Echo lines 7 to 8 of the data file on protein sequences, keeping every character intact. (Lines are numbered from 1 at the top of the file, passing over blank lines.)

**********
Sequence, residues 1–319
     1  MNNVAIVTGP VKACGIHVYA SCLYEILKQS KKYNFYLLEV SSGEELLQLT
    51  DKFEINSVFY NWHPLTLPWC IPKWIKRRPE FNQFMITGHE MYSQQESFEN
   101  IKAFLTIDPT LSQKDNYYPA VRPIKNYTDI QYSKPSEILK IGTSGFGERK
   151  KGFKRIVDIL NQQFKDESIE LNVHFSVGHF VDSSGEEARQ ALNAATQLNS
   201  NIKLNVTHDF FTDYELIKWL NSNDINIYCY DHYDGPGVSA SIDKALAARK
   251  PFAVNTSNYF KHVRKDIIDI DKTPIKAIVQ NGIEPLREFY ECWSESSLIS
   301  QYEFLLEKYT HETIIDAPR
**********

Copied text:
   251  PFAVNTSNYF KHVRKDIIDI DKTPIKAIVQ NGIEPLREFY ECWSESSLIS
   301  QYEFLLEKYT HETIIDAPR